By Robert W. Yokl, Sr. VP, Operations — SVAH Solutions
At this point in time, it is safe to say that we are well beyond using gut feel as a way of measuring our supply chain cost levels based on activity levels of our supply chain department, value analysis teams, and group purchasing compliance levels. When I work with hospitals and health systems throughout the country, I see all the major group purchasing programs in action. There is parity in many of them and advantages to all of them as well. At the end of the day, pricing does not matter as much as what the end cost of doing business is in all your 750+ major categories and 500+ minor categories of purchase.
Price and Standardization Are Now the Smallest Element of Supply Chain Savings
What good is saving an extra 7% on pulse oxisensor pricing when your cost per adjusted patient day is 111% higher than your closest peer cohort and 48% higher per adjusted patient day than you were the previous fiscal year? This means that this health system is using over twice as many pulse oxisensors per adjusted patient day as their cohort peers and their costs are almost 50% higher than they were last year. If you put that into specific terms, your peer cohort hospital is paying $7.50 for a disposable adult sensor for a two-day patient stay, while your organization is paying over $15 per two-day patient stay. Taking 7% off that is nice, but you have got to come to the realization that something more is going on in your organization and you need to take appropriate action.
Price Success Can Blind You to Savings Beyond Price
Most organizations only look one-dimensionally to reduce costs, and that is with pricing and standardization (standardization is a pricing device, by the way). There is a major variable cost factor that is the driving force of your purchases and that is the quantity that you purchase times that almighty price which equals your end cost. Yes, price is a factor in what you pay, but I have seen organizations that did not have superior pricing yet had great utilization costs in all major categories.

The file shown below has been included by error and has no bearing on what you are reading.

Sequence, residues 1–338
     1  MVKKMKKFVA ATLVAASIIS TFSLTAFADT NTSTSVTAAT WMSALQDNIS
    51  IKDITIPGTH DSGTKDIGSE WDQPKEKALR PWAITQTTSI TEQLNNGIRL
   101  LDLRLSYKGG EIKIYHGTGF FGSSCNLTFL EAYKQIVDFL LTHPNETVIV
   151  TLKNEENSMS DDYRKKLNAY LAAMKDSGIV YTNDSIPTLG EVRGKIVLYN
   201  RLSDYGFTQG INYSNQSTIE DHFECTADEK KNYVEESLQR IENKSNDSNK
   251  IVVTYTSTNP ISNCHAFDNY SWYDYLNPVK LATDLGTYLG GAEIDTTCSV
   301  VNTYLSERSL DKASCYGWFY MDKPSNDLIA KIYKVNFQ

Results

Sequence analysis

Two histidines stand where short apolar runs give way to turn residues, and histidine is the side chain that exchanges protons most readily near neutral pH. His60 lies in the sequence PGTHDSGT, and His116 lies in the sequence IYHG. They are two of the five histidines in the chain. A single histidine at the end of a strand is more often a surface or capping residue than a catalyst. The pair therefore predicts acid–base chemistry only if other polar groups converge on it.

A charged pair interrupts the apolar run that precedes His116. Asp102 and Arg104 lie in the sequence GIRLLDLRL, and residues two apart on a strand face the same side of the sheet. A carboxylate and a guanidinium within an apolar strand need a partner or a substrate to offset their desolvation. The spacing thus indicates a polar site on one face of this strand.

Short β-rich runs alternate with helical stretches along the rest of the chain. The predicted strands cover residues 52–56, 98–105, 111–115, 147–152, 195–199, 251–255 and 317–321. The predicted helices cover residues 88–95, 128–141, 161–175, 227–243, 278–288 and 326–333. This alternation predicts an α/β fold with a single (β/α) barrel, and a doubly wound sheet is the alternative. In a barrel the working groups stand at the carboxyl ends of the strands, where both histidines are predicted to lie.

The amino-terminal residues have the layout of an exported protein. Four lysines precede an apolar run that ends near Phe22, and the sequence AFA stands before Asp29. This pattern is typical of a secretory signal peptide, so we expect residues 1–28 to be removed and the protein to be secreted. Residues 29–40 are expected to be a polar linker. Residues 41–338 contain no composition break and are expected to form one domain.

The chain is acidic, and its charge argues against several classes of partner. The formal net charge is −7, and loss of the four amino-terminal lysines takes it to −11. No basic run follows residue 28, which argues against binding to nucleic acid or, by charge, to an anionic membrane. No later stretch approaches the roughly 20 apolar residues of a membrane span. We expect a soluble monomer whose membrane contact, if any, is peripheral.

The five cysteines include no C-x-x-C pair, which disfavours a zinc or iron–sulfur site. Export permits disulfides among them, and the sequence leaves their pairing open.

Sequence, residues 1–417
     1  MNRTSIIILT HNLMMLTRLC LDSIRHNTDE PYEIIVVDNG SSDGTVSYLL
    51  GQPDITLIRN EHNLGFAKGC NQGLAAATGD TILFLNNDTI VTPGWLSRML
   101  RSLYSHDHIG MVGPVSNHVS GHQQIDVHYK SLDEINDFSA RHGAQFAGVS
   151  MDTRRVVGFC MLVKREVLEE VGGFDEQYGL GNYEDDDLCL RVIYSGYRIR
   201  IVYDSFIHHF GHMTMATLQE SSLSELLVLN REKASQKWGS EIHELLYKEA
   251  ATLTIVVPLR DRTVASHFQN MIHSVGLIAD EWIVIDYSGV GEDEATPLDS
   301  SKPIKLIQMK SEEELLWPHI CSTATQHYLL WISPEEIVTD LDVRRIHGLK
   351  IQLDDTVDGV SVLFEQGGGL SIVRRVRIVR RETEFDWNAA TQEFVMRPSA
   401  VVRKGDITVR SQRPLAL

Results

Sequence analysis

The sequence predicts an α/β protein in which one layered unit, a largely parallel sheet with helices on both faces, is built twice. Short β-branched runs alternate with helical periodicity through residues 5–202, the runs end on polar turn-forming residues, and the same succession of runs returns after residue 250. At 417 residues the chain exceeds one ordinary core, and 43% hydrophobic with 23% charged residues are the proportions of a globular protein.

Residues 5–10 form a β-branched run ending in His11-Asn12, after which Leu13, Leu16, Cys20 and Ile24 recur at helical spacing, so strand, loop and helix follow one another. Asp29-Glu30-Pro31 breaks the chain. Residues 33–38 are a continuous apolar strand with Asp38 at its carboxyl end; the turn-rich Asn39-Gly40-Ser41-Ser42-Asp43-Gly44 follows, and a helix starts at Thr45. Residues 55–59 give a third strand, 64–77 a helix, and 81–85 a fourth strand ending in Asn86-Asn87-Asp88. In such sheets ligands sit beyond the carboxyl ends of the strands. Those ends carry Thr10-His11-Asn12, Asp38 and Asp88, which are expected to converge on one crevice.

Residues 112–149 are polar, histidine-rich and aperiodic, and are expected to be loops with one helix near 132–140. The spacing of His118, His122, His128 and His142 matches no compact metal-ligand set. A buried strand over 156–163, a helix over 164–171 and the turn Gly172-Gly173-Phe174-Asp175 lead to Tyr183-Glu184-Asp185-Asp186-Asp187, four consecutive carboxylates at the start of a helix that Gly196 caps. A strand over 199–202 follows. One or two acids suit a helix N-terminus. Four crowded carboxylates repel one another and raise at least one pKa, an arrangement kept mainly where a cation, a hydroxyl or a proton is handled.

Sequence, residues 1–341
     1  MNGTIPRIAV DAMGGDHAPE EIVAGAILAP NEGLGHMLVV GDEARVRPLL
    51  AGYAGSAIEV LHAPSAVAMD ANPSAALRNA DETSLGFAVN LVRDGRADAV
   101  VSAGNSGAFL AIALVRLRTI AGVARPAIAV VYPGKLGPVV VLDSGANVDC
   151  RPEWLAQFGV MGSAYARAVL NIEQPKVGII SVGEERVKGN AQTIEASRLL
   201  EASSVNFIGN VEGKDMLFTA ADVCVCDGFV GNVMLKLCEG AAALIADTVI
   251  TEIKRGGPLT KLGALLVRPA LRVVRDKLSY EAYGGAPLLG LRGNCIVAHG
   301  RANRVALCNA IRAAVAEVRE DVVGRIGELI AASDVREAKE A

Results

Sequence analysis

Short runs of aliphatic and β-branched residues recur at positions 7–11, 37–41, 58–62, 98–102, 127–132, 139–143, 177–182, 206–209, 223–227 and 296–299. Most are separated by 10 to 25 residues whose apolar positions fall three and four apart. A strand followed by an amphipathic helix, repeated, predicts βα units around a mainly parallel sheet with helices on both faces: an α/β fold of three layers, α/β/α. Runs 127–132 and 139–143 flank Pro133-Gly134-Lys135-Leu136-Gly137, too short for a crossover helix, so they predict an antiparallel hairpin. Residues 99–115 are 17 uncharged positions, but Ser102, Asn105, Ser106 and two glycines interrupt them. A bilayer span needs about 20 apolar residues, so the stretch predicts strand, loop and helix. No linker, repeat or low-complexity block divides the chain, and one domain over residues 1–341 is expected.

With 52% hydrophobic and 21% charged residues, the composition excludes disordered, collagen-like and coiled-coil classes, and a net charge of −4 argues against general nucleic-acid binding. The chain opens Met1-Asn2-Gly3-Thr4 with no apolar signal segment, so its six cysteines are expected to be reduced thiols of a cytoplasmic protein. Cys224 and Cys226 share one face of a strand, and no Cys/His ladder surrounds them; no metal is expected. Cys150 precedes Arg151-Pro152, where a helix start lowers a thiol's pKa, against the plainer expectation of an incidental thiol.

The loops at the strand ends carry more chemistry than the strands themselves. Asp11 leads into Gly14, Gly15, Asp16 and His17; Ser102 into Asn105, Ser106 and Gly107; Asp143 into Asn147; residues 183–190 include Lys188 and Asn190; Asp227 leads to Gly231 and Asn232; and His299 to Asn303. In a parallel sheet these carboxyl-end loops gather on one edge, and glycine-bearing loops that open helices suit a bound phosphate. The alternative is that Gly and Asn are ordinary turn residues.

The quantity purchased is the major factor that now needs to be looked after if we are to even consider managing our total cost of ownership of supply chain savings. This is what the end customer consumes on a daily, monthly, quarterly, and annual basis that we need to always be aware of. When these costs venture too high, we need to mitigate the risk to the bottom line.
The Group Purchasing and Custom Contracting Success Factor
When things are going great with contracting, we tend to ignore other areas that could result in additional savings; they are left untouched and unattended because of the multitude of successes with contracting initiatives. More importantly, the perception is that the whole of a great pricing and standardization program will make up for all shortcomings that may arise from cost increases from utilization management areas. This is not the case, as contracts run over a period of years but utilization occurs every day, every week, every month, etc. If your cost per case or patient day is increasing after a contract that was supposed to save big dollars, then you really need to investigate these further, otherwise you are leaving money on the table. Even worse, these unforeseen utilization increases are more than likely negating the price and standardization savings that you put in place.
Activity-Based Costing is the Answer